||American Studies Program|
Klapper Hall Room 345 / Telephone 718-997-4633
Walt Whitman in Queens
Click on any image on this page for a larger image. [Photos on this page by S. Lefkoe and E. Rondot]
The following words by the great
American poet Walt Whitman (1819-1892) are very appropriate today to Queens College, to the Borough of Queens and to all of New York:
from I Hear
I hear America
singing, the varied carols I hear...
from The Preface
to Leaves of Grass
...The United States themselves are essentially the greatest
poem... Here is not merely a nation but a teeming nation of nations...
from Democratic Vistas
...And, topping democracy, this most alluring record, that
it alone can bind, and ever seeks to bind, all nations, all men, of however various and distant lands, into a brotherhood, a
family. It is the old, yet ever-modern dream of earth, out of her eldest and her youngest, her fond philosophers and
Those who know any local history related to Walt Whitman usually think only of his Manhattan, Brooklyn and Huntington, L.I. connections. Some also think of Camden, NJ.
A young Walt Whitman lived, taught, politicized and worked
on newspapers here in Queens as well! The neighborhoods include Flushing, Jamaica, Little Bay Side and
Whitestone. Many of Whitman's
connections to the Borough of Queens in the late 1830s and early 1840s are highlighted in this exhibit presented by Queens College.
One of our exciting
local "finds" is a copy of the page of the US Census for 1840 that documents
that Walt Whitman lived in Jamaica as of the census date - June 1, 1840. His entry is just under the entry for his
employer / landlord James J. Brenton.
"Walter Whitman" is identified
as a free white male, single, age 20 to under 30, employed in the learned
professions / engineer.
Among Queens College's own connections to Walt Whitman are the following:
- Professor Emory Holloway came to Queens College as one of the
original faculty in 1937, having already won a 1927 Pulitzer Prize for his work
on Walt Whitman. He became Chair of
Queens College's English Department. Holloway continued to publish books on
Whitman, and was instrumental in many high-profile local commemorations of
Whitman's works, including: 1) the naming by Queens College of Walt Whitman
Hall, 2) the commissioning and placement of a statue of Whitman at the nearby
1939-40 Worlds Fair, and 3) the formal designation of the Walt Whitman
Birthplace as a NYS Historic Site.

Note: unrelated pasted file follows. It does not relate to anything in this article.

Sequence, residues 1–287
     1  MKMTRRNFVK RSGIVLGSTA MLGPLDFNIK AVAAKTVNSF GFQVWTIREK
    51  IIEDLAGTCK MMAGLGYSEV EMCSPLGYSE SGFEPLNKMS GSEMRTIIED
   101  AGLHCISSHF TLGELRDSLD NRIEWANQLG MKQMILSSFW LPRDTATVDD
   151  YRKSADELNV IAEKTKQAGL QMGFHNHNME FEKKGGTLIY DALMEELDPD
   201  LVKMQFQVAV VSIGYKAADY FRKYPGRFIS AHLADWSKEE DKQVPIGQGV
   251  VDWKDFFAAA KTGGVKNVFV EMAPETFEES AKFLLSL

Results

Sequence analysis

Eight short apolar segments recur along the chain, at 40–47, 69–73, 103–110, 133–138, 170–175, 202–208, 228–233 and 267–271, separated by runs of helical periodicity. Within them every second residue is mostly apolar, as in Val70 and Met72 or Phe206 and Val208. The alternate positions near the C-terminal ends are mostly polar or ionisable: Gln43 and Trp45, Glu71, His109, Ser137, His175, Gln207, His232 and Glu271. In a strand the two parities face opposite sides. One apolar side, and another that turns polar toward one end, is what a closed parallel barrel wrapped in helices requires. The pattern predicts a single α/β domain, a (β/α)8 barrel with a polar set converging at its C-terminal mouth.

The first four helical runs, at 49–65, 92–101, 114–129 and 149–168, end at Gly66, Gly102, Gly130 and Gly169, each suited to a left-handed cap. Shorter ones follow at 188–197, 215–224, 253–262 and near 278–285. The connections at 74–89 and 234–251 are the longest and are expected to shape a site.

Professor Holloway died in 1977 at age 92.
Queens College renamed its "A' Building (also known at the time as The English Building) Walt Whitman Hall in 1939.
- One of the local schools where Walt Whitman taught was Jamaica Academy.
Based on his research, Jeff Gottlieb (QC alum; President of the Central Queens Historical Association) believes that the
site of that school is now part of the Queens College campus.
- Queens College's Professor Emeritus Stephen Stepanchev,
first Poet Laureate of the Borough of Queens (1997-2000), has written
"Whitmanesque" poetry about the College and Whitman's spirit here, and
about the tearing down of Walt Whitman Hall.
We hope you enjoy our exhibit and celebrate with us the
150th anniversary of the publication of Walt Whitman's Leaves of Grass.
Following are the major categories illustrated in the exhibit:
- Walt Whitman in Queens (approximately 1839-1841)
- Images of Walt Whitman
- Leaves of Grass
- Maps of Queens (Mid-19th century, early 20th century, and current)
- Around the Same Time... (early 1840s and following)
- Selected Whitman Commemorative Events in Queens (1939 to present)
- Poetry is Alive and Well in Queens Today
[Expanded outline of the exhibit]
Contributors: Nancy Bareis, Steve Barto, Joe Brostek, Jeff
Castellan, Regina DeRise, Ben Eichler, Jeff Gottlieb, Syd Lefkoe, Ellen Rondot, Bob Weller, Nancy Williams
Dr. Bette S. Weidman, Program Director of the American Studies Program, made the critical connections
responsible for the scope of the July 14, 2005 exhibit on campus.
It was then developed into the larger December 2005 exhibit at the
The Flushing Library exhibition was arranged through the
efforts of Queens College alums Joe Brostek (Events Office) and Tom Galante
(Director, Queens Public Library System).
We also gratefully acknowledge
Special thanks to our new friends in the Flushing Library of the Queens Borough Public Library
who made this exhibit easy and enjoyable for us to arrange and accomplish.
- the cooperation of faculty and staff from the following
Queens College offices and departments: Financial Aid Services, Rosenthal
Library, Rosenthal Library / Archives, Godwin-Ternbach Museum, Friends of the
Queens College Library, Design Services, Reprographics, Photo Services, the American
Studies Program, the English Department, Office of Converging Technologies, and of course the Office of Special
Events and Alumni Affairs;
from: the Municipal Archives, the Long Island Division of the Queens
Borough Public Library, the
Queens Historical Society, the Central Queens Historical Association,
the New York Public Library - Maps Division, and the New York
This exhibit began as a much smaller exhibit that was part of the Walt Whitman Garden Dedication / Reception at Queens College, July 14, 2005, as Queens College commemorated the 150th anniversary of the publication by Walt Whitman of Leaves of Grass. This new exhibit includes photos and other publicity about that event. More on that event on the CUNY Web Site at
Selected Walt Whitman Resources
Prepared and posted by the exhibit committee.
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